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Produced & Maintained by Idaho Mountain Express, Box 1013, Ketchum, ID 83340-1013 
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Copyright © 2002 Express Publishing Inc.
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For the week of July 31 - August 6, 2002


SV residents split over proposed arts center

Mayor assures public that deal is not done

Express Staff Writer

Addressing a packed house at a special town meeting, Sun Valley Mayor David Wilson assured Sun Valley and Ketchum residents last Wednesday that a controversial proposal to build a $20-25 million arts facility on city property will undergo multiple rounds of public review before it could be approved.

Sun Valley Mayor David Wilson explains aspects of an arts center proposed for the city’s five-acre parcel adjacent to Our Lady of the Snows Catholic Church. A working design for the facility was drafted by architect Harry Teague of Aspen, who has designed similar facilities in other Western resort towns. Express photo by David Seelig

Wilson said that a "needs analysis" to determine whether the facility is necessary and viable will take at least three months, and before the end of the year should provide city officials and project proponents with guidance as to whether the proposal should proceed.

The mayor explained that if the study determined the project was indeed viable, the beneficiaries of the project—including the Sun Valley Arts Foundation and its allies—would be asked to show that the project was properly endowed before it was given approval to proceed.

"You don’t build it if you don’t raise the money," he said.

At issue is the future of a five-acre parcel along Sun Valley Road that the City of Sun Valley acquired in December 2000 through a land-swap deal with the Sun Valley Co. The city has entered into an informal agreement with the foundation stipulating that the foundation can lease the site for a nominal fee if it can raise the money to build the facility—and prove that it will be of benefit to the community over the long term.

The city has allocated $100,000 to be spent on designing and researching the need for the project, but Wilson guaranteed residents that the center will not be built with taxpayer dollars.

In its current design, the proposed center would house an indoor performance hall, an outdoor amphitheater, dance studios, a city park above an underground parking garage, plus office space for the Sun Valley Center for the Arts and the Arts Alliance.

The city has spent roughly $60,000 on researching and designing the project to this point, and will pay half of the $40,000 needs analysis cost, which will be split with the foundation, Wilson said.

Wilson suggested that some residents are under a "misconception" that most of the remaining land along the Sun Valley Road corridor is not zoned for development. He told the crowd that its owner, the Sun Valley Co, could develop the remainder of the land adjacent to the city parcel—referred to as "the horse pasture."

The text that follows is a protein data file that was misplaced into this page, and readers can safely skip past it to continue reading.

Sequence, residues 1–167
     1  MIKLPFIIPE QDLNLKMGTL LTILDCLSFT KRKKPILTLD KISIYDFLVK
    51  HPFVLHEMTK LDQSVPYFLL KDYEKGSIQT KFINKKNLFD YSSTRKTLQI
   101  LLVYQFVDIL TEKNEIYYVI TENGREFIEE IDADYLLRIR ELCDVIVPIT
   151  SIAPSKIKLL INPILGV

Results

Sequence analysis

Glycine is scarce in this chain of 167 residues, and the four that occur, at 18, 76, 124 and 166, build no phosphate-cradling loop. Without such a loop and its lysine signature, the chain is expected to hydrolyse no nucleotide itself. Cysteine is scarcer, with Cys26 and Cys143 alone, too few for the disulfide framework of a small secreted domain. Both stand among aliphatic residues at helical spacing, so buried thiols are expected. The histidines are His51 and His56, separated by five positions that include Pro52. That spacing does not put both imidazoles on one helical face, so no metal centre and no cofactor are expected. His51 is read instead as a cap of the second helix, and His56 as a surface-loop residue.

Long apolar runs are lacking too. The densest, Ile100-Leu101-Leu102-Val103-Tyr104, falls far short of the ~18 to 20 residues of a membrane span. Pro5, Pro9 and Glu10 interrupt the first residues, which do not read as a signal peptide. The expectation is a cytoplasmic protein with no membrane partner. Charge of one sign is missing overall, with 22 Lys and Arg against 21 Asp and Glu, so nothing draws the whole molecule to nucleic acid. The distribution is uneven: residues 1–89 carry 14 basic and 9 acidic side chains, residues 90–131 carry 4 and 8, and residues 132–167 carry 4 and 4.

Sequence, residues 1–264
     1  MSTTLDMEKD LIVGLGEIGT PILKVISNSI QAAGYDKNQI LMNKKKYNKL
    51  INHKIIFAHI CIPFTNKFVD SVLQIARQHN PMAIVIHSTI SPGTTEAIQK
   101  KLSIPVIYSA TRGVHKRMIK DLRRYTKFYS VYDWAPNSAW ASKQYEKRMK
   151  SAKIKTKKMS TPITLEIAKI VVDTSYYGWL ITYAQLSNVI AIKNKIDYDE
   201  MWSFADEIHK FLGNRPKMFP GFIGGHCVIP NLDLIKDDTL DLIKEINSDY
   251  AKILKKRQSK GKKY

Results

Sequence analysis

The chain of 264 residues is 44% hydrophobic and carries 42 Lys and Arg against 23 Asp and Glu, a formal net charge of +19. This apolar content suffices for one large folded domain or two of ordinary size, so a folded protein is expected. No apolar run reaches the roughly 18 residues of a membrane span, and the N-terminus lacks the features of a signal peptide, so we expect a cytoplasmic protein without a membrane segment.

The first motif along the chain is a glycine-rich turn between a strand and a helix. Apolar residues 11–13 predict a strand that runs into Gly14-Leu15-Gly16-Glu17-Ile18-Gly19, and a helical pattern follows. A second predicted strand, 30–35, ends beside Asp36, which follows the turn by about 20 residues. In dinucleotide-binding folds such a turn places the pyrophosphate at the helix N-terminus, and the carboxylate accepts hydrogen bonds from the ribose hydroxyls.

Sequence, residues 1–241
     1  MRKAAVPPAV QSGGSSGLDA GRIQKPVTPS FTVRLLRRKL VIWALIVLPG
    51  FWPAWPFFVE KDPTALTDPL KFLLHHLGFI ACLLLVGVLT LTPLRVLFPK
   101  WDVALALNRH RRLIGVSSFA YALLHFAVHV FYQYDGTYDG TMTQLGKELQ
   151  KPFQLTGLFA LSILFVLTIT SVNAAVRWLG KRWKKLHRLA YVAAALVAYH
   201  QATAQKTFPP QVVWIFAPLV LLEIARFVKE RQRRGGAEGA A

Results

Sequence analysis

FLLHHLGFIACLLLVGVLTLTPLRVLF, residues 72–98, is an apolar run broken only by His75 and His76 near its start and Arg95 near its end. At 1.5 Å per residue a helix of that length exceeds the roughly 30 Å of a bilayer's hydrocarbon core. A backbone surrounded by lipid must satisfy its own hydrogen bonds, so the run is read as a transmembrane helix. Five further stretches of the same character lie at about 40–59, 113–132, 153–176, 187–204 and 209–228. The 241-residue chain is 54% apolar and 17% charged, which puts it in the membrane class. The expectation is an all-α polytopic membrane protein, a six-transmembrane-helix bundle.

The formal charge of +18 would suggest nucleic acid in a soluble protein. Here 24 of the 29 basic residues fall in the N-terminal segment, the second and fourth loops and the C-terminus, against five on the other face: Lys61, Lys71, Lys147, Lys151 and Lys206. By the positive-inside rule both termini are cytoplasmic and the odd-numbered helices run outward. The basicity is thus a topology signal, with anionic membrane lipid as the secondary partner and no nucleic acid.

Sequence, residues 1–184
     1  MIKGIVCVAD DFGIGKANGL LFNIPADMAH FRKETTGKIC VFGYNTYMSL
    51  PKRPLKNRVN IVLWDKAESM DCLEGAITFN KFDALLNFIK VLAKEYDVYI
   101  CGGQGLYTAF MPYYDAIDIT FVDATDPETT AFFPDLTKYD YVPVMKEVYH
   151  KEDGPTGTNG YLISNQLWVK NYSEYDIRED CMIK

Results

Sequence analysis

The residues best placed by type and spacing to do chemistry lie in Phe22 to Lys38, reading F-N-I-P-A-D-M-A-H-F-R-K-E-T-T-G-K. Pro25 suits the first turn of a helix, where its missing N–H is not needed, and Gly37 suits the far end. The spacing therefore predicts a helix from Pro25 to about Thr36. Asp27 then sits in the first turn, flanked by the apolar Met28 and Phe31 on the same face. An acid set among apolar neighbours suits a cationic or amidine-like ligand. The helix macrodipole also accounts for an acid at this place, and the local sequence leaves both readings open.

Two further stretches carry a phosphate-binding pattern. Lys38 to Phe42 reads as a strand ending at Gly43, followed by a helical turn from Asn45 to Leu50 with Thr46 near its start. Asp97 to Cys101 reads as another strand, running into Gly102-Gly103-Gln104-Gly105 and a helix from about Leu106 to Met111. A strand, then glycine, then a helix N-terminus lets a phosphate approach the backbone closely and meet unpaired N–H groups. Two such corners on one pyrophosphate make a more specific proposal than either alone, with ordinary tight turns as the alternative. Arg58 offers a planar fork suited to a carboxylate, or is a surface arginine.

He added that he believes Sun Valley Co. owner Earl Holding will eventually develop two larger parcels east of the horse pasture—the Penny Mountain and Cottonwood parcels—which are zoned for roughly 70 and 200 residential units respectively.

Testimony from the group of roughly 80 area residents at the meeting last week showed that opinions on the proposal are largely split.

"I see that beautiful [place] turning into something I’d rather not look at," said Sun Valley resident Cheryl Stephenson.

Dan Drackett, chairman of the Sun Valley Arts Foundation, said his group views the project as an arts campus that will bring the Wood River Valley’s arts organizations into one venue.

"We thought it was an exciting idea [when the idea was formed], and think it is an exciting idea now," he said. "Nobody is trying to ram anything down anybody’s throat," Drackett added. "Defiling open space is not what we’re about."

The apparent differences in opinions prompted some in the crowd to ask the mayor to conduct a vote on the arts-center concept and its proposed location at the entrance to the city.

However, Wilson said that any vote on the matter legally must be "non-binding," and could only be conducted as an advisory poll.

"You can’t vote on issues like this," he said.

Answering to demands for an advisory poll or straw poll of residents in the room, Wilson said, "What we’re doing with all these meetings is a comprehensive survey."

Drackett said this week that his organization wants to be sensitive to the desires of the local residents. However, he noted that if the group was forced to purchase property at an alternate location, the overall cost for a new arts campus might prohibit its creation.

"That could be a deal breaker," he said.



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